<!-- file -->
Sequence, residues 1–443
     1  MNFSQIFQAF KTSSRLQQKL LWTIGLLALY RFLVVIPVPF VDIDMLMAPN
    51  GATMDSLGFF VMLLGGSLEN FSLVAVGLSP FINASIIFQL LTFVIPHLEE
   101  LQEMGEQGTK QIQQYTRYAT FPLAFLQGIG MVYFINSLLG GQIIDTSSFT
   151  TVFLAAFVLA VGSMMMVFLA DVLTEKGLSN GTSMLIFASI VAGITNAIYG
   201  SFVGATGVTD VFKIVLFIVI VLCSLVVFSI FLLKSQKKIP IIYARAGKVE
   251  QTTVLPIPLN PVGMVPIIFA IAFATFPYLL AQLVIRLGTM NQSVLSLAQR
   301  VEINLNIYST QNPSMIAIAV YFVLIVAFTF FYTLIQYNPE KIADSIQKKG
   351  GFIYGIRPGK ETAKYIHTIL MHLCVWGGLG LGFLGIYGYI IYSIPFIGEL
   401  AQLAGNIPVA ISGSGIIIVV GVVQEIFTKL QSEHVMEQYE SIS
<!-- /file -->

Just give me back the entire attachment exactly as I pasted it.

Sequence, residues 1–443
     1  MNFSQIFQAF KTSSRLQQKL LWTIGLLALY RFLVVIPVPF VDIDMLMAPN
    51  GATMDSLGFF VMLLGGSLEN FSLVAVGLSP FINASIIFQL LTFVIPHLEE
   101  LQEMGEQGTK QIQQYTRYAT FPLAFLQGIG MVYFINSLLG GQIIDTSSFT
   151  TVFLAAFVLA VGSMMMVFLA DVLTEKGLSN GTSMLIFASI VAGITNAIYG
   201  SFVGATGVTD VFKIVLFIVI VLCSLVVFSI FLLKSQKKIP IIYARAGKVE
   251  QTTVLPIPLN PVGMVPIIFA IAFATFPYLL AQLVIRLGTM NQSVLSLAQR
   301  VEINLNIYST QNPSMIAIAV YFVLIVAFTF FYTLIQYNPE KIADSIQKKG
   351  GFIYGIRPGK ETAKYIHTIL MHLCVWGGLG LGFLGIYGYI IYSIPFIGEL
   401  AQLAGNIPVA ISGSGIIIVV GVVQEIFTKL QSEHVMEQYE SIS